Just what i like. Looks good though.

iDesign
10-31-2008, 10:53 PM
I like it because it is unique. Nice contrast between the soldier course and the run. More importantly, is the customer happy. Its certainly a conversation piece.

Mike

AztlanLC
11-02-2008, 05:23 PM
Well I'm more concerned on what type of base was used? how thick? also what about the edge restrain it looks like it was installed on top of the sand, also next time try to finish all the sides with a bigger piece try to avoid those little pieces they will usually move overtime.

phlandscaping
11-02-2008, 05:27 PM
Looks great, I wish I had been that good at 18! I see you being very successful in your life!

zedosix
11-05-2008, 07:00 PM
This guy is a genius, listen to what he has to say. The curves are smooth so you wouldn't have needed any cuts in the field pavers if you did it in a runner like zedo said.

Gee, thanks for the comments. "blushing" Here is an example of what I mean. When transitioning from one large area (patio) to a walkway, try to be creative and at the same time you save a bundle of time and material. No cutting cornners on design DVS, just logical to me. :)

PlatinumLandCon
11-06-2008, 12:44 AM
Lookin good as always zedo

Man, I love Permacon. I have Trafalgar, Vendome, and Mega Arbel jobs lined up for next year... I'm so pumped!

DVS Hardscaper
11-06-2008, 04:05 PM
Gee, thanks for the comments. "blushing" Here is an example of what I mean. When transitioning from one large area (patio) to a walkway, try to be creative and at the same time you save a bundle of time and material. No cutting cornners on design DVS, just logical to me. :)


Andy, the pic you posted is very impressive.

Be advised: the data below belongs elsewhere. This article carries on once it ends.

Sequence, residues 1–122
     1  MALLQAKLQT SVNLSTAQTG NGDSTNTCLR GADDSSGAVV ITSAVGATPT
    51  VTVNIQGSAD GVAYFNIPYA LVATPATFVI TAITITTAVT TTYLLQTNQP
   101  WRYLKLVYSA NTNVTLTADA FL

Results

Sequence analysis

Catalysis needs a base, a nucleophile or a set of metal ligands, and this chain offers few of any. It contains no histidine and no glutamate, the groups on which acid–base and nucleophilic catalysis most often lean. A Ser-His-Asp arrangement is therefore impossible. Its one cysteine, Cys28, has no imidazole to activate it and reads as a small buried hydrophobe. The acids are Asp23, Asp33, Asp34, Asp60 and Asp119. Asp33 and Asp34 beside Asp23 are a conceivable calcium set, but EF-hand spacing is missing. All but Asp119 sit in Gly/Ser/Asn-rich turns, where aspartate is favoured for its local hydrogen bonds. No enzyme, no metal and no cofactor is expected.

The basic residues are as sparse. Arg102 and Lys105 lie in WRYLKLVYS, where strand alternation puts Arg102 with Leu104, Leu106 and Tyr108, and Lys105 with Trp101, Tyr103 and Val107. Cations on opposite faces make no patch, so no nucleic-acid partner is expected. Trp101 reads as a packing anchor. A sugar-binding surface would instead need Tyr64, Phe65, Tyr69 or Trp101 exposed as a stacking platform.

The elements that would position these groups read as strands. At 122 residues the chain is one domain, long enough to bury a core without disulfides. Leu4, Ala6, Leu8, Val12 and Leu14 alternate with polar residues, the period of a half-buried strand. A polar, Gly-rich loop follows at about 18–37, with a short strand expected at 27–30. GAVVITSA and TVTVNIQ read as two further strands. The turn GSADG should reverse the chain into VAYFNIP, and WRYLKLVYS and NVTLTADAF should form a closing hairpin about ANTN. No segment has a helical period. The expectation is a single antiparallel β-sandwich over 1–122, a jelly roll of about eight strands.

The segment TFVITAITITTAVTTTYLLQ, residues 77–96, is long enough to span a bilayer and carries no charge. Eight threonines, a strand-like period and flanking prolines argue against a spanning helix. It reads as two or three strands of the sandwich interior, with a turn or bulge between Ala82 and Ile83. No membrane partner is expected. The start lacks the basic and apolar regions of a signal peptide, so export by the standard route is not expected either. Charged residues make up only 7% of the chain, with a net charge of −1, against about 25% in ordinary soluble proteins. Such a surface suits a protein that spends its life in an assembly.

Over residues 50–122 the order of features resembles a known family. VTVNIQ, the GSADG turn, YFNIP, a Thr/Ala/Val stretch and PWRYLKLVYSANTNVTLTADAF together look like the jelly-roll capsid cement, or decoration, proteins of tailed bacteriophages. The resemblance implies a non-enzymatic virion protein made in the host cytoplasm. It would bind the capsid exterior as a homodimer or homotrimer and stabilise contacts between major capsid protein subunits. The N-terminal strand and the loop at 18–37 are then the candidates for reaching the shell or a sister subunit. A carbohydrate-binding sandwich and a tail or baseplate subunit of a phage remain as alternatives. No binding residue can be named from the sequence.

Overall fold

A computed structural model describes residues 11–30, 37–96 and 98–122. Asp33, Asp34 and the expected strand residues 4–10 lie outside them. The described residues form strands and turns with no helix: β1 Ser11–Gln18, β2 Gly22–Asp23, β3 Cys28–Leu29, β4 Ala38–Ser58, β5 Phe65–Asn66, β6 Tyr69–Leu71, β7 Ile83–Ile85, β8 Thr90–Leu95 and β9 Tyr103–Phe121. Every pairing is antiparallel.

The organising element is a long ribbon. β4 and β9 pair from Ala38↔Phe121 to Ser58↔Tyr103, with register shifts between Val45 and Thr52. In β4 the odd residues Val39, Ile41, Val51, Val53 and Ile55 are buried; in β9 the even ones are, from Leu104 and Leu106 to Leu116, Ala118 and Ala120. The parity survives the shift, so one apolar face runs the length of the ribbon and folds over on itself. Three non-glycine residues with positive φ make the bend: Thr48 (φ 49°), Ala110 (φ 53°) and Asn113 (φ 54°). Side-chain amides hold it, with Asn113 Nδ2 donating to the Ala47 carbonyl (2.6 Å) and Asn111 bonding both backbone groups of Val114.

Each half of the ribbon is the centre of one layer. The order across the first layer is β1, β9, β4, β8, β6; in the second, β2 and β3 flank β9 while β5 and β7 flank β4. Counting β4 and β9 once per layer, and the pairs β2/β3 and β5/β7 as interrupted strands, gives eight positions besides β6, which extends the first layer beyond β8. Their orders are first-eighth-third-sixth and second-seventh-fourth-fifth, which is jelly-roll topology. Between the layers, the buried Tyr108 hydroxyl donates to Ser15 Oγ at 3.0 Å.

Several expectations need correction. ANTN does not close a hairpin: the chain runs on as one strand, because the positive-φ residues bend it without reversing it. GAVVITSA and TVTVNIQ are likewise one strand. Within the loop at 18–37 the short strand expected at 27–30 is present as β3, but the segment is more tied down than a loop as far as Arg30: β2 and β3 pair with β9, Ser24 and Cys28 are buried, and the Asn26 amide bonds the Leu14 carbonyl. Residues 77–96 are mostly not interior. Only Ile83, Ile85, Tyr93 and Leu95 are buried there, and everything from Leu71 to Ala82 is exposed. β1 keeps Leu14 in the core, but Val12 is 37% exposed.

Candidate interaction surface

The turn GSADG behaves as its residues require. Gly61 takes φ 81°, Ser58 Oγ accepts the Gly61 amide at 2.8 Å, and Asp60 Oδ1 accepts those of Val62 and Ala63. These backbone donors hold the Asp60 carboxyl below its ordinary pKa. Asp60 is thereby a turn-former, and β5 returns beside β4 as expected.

But, ok, how do I word this. Ok, in the pic you have an arbel circle at the end of the walk, which is what is transitioning the walk into the patio. Yet prior to the circle, the walk is set in a running bond pattern.

Your original comment regarded "cutting" and "saving time", it never mentioned "transitioning" :)

Other than you have a circle at the end, how is that running bond pattern any different than the angled pattern in the Jake's photo? Honestly, I believe Jake's workmanship in the cutting and mitering of the pavers in his walkway is outstanding. I know it took a while to do, but look at the end result!

No disrespect, and maybe I'm not understand what you're saying, Andy, or maybe you're not understanding what I'm saying, from an architectural standpoint I'm not seeing how your random pattern consists of any more logic than Jake's pattern. The circle is a nice touch. However from a drop-click-and-go mentality - then sure I understand ya. But from a mentality of "what can we do to make this really stand out" mentality - I'm not following ya.

One of the great things about paver work is that you can be as creative as you can dream. And with creativity - usually comes cutting and mitering pavers.

zedosix
11-06-2008, 06:51 PM
Andy, the pic you posted is very impressive.

But, ok, how do I word this. Ok, in the pic you have an arbel circle at the end of the walk, which is what is transitioning the walk into the patio. Yet prior to the circle, the walk is set in a running bond pattern.

Your original comment regarded "cutting" and "saving time", it never mentioned "transitioning" :)

Other than you have a circle at the end, how is that running bond pattern any different than the angled pattern in the Jake's photo? Honestly, I believe Jake's workmanship in the cutting and mitering of the pavers in his walkway is outstanding. I know it took a while to do, but look at the end result!

No disrespect, and maybe I'm not understand what you're saying, Andy, or maybe you're not understanding what I'm saying, from an architectural standpoint I'm not seeing how your random pattern consists of any more logic than Jake's pattern. The circle is a nice touch. However from a drop-click-and-go mentality - then sure I understand ya. But from a mentality of "what can we do to make this really stand out" mentality - I'm not following ya.